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Home :: Archive :: 2000 :: September ::
Re: Women's Roles
The Shakespeare Conference: SHK 11.1711  Monday, 11 September 2000.

[1]     From:   Tiffany Rasovic <
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        Date:   Friday, 08 Sep 2000 08:48:56 -0400
        Subj:   Re: SHK 11.1707 Re: Castration reference

[2]     From:   Paul E. Doniger <
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        Date:   Friday, 8 Sep 2000 10:10:45 -0700
        Subj:   Fw: SHK 11.1707 Re: Women's Roles

[3]     From:   Terence Hawkes <
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        Date:   Friday, 8 Sep 2000 12:56:35 -0400
        Subj:   SHK 11.1707 Re: Women's Roles

[4]     From:   David Evett <
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        Date:   Friday, 08 Sep 2000 14:08:22 -0400
        Subj:   SHK 11.1707 Re: Women's Roles

[5]     From:   David Lindley <
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        Date:   Sunday, 10 Sep 2000 12:08:56 GMT
        Subj:   Re: SHK 11.1701 Re: Women's Roles


[1]-----------------------------------------------------------------
From:           Tiffany Rasovic <
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Date:           Friday, 08 Sep 2000 08:48:56 -0400
Subject: 11.1707 Re: Castration reference
Comment:        Re: SHK 11.1707 Re: Castration reference

Hello...

On the castration practice in medicine and other realms, see a chapter
called "The Castrator's Song" in Dympna Callghan's Shakespeare Without
Women.  It is a compelling part of an overall excellent book.  Also
check out the chapter on The Tempest and the Irish.

Yours,
TR

[2]-------------------------------------------------------------
From:           Paul E. Doniger <
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Date:           Friday, 8 Sep 2000 10:10:45 -0700
Subject: 11.1707 Re: Women's Roles
Comment:        Fw: SHK 11.1707 Re: Women's Roles

See also _A Midsummer ND_: 5.1.44-45(Pelican Edition), "'The battle with
the Centaurs, to be sung / By an Athenian eunich to the harp.'" But I
doubt that the Elizabethans engaged in this practice; it was probably an
'exotic' idea to them. Does anyone have evidence either way?

Paul E. Doniger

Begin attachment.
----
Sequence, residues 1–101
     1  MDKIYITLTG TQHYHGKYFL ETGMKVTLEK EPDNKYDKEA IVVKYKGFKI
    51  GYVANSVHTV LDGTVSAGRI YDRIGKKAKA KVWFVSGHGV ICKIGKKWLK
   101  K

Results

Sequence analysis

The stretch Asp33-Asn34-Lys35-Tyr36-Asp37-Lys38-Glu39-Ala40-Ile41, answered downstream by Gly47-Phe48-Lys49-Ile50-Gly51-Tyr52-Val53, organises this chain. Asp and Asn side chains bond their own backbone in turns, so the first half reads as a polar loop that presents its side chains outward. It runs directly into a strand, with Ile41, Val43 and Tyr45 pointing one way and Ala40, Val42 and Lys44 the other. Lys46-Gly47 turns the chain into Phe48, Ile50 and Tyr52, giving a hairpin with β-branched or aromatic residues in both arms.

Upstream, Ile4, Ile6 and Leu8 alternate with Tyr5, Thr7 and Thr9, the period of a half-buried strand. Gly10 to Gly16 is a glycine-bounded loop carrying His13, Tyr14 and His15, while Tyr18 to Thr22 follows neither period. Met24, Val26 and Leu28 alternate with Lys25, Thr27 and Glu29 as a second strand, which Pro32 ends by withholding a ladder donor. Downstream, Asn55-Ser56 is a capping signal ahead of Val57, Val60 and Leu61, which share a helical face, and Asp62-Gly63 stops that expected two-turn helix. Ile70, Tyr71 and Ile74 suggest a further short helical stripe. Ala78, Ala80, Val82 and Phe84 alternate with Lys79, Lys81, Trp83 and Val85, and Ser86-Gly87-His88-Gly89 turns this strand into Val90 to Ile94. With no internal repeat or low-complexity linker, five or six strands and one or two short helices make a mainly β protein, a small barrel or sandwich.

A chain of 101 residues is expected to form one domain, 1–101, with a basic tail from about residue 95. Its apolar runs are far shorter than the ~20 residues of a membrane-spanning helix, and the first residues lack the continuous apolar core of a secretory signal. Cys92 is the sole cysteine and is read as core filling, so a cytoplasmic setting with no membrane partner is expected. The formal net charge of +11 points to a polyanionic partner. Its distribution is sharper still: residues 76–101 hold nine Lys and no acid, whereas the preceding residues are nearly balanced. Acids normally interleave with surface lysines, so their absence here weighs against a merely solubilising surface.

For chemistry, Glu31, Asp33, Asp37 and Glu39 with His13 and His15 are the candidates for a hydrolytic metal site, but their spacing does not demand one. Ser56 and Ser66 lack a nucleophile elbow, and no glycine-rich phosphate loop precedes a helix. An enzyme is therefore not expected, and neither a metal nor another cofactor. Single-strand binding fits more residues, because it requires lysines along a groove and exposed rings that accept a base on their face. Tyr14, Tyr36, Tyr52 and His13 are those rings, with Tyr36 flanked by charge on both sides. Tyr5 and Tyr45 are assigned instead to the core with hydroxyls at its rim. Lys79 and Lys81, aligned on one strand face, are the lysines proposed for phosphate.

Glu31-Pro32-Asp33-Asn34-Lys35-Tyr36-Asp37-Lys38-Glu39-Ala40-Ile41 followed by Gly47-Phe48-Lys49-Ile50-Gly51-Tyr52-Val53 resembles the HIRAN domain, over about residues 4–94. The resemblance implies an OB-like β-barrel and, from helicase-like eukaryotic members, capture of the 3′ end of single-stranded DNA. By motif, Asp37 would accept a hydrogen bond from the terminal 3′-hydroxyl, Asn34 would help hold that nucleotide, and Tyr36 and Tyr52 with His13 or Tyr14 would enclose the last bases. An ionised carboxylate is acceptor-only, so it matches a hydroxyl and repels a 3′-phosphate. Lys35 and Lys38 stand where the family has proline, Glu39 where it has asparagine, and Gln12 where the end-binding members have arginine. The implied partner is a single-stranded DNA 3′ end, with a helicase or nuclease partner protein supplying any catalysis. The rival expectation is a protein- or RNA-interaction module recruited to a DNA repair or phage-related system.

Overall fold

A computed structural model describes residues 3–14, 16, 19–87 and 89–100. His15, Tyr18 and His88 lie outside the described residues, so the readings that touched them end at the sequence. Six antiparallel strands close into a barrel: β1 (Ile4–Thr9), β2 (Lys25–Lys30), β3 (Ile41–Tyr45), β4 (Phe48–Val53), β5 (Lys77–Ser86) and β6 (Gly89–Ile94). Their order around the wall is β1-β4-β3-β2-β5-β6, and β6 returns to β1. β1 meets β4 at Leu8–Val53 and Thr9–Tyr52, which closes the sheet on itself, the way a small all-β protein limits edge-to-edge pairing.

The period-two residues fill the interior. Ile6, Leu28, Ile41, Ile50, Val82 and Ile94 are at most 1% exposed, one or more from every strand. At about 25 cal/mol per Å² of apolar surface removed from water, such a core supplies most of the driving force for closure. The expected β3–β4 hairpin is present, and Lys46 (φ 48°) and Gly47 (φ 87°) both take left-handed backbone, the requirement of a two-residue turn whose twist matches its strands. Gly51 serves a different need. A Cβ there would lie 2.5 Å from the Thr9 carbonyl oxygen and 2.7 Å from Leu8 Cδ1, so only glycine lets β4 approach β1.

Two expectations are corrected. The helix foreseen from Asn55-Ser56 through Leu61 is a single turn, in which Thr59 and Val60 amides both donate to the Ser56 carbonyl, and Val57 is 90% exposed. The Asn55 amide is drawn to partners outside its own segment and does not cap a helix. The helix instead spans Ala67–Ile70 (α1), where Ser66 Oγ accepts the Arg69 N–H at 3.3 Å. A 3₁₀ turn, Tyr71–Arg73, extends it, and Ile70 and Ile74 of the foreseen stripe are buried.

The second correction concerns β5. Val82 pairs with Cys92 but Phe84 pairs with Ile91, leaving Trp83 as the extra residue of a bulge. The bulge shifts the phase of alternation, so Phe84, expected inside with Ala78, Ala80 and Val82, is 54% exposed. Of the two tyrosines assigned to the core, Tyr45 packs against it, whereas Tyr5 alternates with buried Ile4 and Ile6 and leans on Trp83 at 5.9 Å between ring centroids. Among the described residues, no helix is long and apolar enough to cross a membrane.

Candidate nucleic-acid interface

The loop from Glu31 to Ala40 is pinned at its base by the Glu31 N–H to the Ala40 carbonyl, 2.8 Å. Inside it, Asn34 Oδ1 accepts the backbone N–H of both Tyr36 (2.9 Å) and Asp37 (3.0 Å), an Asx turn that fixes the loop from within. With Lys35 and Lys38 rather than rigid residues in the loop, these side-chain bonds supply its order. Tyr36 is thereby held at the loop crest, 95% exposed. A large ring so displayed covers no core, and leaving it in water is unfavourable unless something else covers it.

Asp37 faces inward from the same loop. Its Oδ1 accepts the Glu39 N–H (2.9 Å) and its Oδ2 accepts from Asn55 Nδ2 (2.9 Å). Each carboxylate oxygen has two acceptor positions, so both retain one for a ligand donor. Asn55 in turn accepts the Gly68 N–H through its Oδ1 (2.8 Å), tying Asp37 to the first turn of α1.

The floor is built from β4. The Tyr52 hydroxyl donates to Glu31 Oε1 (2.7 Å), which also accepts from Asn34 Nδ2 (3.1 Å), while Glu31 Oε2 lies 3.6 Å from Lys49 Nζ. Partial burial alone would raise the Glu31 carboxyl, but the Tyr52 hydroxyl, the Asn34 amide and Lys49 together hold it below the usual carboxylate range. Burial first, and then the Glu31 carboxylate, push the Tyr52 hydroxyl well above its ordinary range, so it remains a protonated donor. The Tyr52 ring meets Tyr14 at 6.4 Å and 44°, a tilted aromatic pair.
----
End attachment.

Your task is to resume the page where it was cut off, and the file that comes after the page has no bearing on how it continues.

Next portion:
The Gilbert School

[3]-------------------------------------------------------------
From:           Terence Hawkes <
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Date:           Friday, 8 Sep 2000 12:56:35 -0400
Subject: Re: Women's Roles
Comment:        SHK 11.1707 Re: Women's Roles

Dear Bill Godshalk,

Your fretting about castration prompts me to reassure you that,
historically, the English have tended to favour its metaphorical, rather
than its surgical dimension. Vested in the deployment of titles and
'honours',' it is viewed more as a political than a musical stratagem.
Not that these are necessarily discrete pursuits: the goal -harmony-
remains the same. Of course, following Holinshed, Shakespeare does draw
attention to the physical procedure as a specifically Welsh (and female)
practice (1 Henry 1V, 1,1,34-6). But don't, as we tell students in
Cardiff, try this at home.

Terence Hawkes

[4]-------------------------------------------------------------
From:           David Evett <
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Date:           Friday, 08 Sep 2000 14:08:22 -0400
Subject: Re: Women's Roles
Comment:        SHK 11.1707 Re: Women's Roles

This thread has produced reiterated assumptions that adolescent boys
lack some quality necessary for effective performances in roles like
Cleopatra and Lady Macbeth.  Having experienced beautifully complex and
nuanced performances by young actors in other kinds of roles (Dorothy
Egan's wonderful work as Mary in the original New York production of
*Secret Garden* comes to mind, and the remarkable girl in *The Miracle
Worker* at Stratford (Ont.) a couple of seasons back--I am ashamed to
have forgotten her name), I will not be persuaded that such actors could
not handle the big tragic female parts in Shakespeare until I have seen
half-a-dozen well-trained and talented 16-year-olds try and fail.  Or
hear from somebody who has so seen.

David Evett

[5]-------------------------------------------------------------
From:           David Lindley <
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Date:           Sunday, 10 Sep 2000 12:08:56 GMT
Subject: 11.1701 Re: Women's Roles
Comment:        Re: SHK 11.1701 Re: Women's Roles

I seem to remember the subject of castration was raised some time ago on
this list - I know of no evidence that it was ever practised in England
- though it certainly was in Italy.

David Lindley
 

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